Elmira Jackals rookie center Justin Donati
became a very good player skating alongside his twin brother, Tyler, for most of their youth.
Justin developed into an even better player during the past couple years by deciding they needed to temporarily branch out and apart from each other. It was nothing personal, just something that had to be done for the good of Justin, and, ultimately, Tyler too.
"I wouldn't change a thing from what I did. There're different roads for everybody in the sport," Justin said. "I took a different road than he did. We're at the same place now, and we're having a good time."
Truth is, it's a veritable party. After a brief hiatus from the pro game, Justin has rejoined his brother for a reunion that's paying off big for the Jackals. Elmira has burst to a 7-0 start and Justin and Tyler have broken off to a symmetrical points total of 14 each, a haul that has them sharing the top spot of the ECHL's scoring chart.
"Obviously you hope this would happen, but a 7-0 start for any team is unbelievable," Justin said. "We are happy with our play and the play of our team."
The pro careers of the brothers started off like so much of the rest of their lives, mirroring each other. Tyler, a left wing, broke in with Binghamton of the AHL in 2007-08, playing 53 games for the Senators. Justin, too, began earning a paycheck for playing hockey that season, opening up with Las Vegas of the ECHL.
Justin's problem was that, coming off a season in which he produced 47 goals and 44 assists in 63 combined games for Toronto and Sudbury of the OHL, he thought he deserved to start at a higher level. He became discouraged, and, adding to his trouble, he was bothered by a lingering shoulder ailment.
"I don't know. I felt like after my OHL career, I deserved more than an ECHL deal," Donati said. "I had to work on my game."
Justin decided that required a complete reboot of his career. He left Las Vegas to enroll at Prince Edward Island University. By his own proclamation, he got stronger there, more motivated and aware defensively. He liked it so much that he went back for seconds in 2008-09 instead of trying to catch on somewhere with his brother. Tyler, meanwhile, played for Elmira and the AHL's Philadelphia Phantoms last season before taking time off for personal reasons.
The two kept in touch constantly, of course, but after playing together for much of youth hockey and into juniors, their career choices had never been so different.
"We know in the game of hockey, we won't be playing together forever. It was important to go our own way, develop our own path," Justin said. "By doing that, I learned a lot about hockey, what I needed to do as a player. He was very supportive of it. He realized I wasn't ready mentally to come back to pro hockey."
Tyler said the time in school produced an obvious evolution in Justin's game.
"It taught him how to play. His work ethic is a lot better now than it was before," Tyler said. "He's faster now, and he's stronger. His one-on-one moves are better. He's more confident with the puck. It worked out."
With a couple seasons away to refresh his outlook, Justin was ready for another kick at the can this year. And he wanted it to come with his older brother (by seven minutes). The first plan of attack was to give Switzerland a try. That soured quickly.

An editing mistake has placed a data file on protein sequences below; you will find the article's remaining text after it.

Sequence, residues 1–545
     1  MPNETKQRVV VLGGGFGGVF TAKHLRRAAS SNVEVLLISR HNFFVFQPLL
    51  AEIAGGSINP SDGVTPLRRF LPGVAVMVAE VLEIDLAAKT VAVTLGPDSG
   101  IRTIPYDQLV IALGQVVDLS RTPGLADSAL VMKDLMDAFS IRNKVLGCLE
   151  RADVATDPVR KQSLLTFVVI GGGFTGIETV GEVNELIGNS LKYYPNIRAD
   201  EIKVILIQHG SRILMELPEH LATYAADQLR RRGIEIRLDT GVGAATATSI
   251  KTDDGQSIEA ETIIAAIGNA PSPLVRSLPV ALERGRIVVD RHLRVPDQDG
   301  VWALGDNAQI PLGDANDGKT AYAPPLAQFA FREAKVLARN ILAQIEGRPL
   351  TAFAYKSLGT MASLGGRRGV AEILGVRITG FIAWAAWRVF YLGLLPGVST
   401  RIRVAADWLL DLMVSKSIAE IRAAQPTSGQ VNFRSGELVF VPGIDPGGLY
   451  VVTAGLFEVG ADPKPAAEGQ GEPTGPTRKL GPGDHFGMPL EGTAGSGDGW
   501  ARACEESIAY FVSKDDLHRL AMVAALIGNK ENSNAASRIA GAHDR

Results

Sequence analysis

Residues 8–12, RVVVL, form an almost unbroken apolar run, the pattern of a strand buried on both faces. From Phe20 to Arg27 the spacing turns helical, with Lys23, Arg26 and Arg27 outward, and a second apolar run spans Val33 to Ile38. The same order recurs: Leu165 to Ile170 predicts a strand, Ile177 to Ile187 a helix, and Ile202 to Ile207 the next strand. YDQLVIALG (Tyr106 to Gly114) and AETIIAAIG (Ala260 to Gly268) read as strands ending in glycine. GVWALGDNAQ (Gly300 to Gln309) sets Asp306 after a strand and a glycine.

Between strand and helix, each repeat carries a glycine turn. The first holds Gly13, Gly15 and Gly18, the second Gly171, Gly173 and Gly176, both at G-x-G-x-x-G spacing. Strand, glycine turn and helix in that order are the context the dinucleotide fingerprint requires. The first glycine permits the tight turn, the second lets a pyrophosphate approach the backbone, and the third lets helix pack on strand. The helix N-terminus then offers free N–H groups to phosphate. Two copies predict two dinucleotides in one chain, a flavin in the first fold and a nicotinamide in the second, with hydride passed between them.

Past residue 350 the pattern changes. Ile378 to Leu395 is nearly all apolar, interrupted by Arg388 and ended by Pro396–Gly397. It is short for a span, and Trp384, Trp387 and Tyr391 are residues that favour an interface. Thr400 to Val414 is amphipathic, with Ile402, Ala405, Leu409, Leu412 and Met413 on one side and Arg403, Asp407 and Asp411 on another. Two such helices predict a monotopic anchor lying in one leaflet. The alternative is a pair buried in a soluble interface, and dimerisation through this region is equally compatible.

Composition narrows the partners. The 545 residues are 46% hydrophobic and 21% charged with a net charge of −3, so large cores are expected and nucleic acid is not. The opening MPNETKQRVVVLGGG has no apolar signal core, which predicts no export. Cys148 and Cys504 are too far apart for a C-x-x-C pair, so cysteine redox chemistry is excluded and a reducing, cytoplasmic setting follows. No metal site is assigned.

"After last season, we told each other let's take a year for me and you. We went over there thinking it was going to be a great opportunity for us. We got blinded by the contract we signed," Justin said. "We realized we both really didn't give the ECHL a chance. Basically, a North American kid's dream is never to be playing in Europe. It's to be playing in the NHL."
Tyler gave Jackals coach Steve Martinson
a call and asked if he would be interested in their services. Martinson would have chartered a plane over there to get them, if need be. Martinson knew all about Tyler from coaching him before; Justin, with the same bloodlines would be a great catch as well. The coach brought them in and immediately started sending them over the boards on the same line.
"He (Justin) has a lot of skill. He works hard," Martinson said. "I think he grounds the line a little bit more. Tyler is more of a risk-taker."
"I wouldn't change a thing from what I did. There're different roads for everybody in the sport. I took a different road than he did. We're at the same place now, and we're having a good time."
-- Justin Donati
Because of their complementary styles, their pairing is a combination that would probably work well under any circumstances. Since the two are virtually extensions of each other, it's well short of a shock that they are laying waste to opposing defenses.
"He's got better one-on-one moves coming down. I'm better coming out of the corner," Justin said. "He knows where I'm going to be. I know where he's going to be. We've developed such good chemistry over the years. You just know his instincts."
The twins' production makes them virtually indistinguishable to opponents. Teammates would have the same problem, except that the Donatis have cut them a break. Tyler got his head shaved while Justin keeps his hair at regular length.
"Ty just stepped up and said, 'Hey, Justin, I'm shaving my head. Drive me to the hairdresser,'" Justin said.
Hairstyles aside, the brothers plan on remaining in lockstep all season. Sure, if one gets recalled to the AHL, the other has to be happy for him. Short of that, Justin's return to pro hockey and the ensuing Donati family reunion looks like continued bad news for Jackals' foes.
"Any time I can play with my brother, it's a great experience. Right now were enjoying each other's company. If we get split up, we get split up," Justin said. "Hopefully we can keep the ball rolling together in Elmira. Being on a winning team again, and contributing like we are … it's been everything I can ask for and more."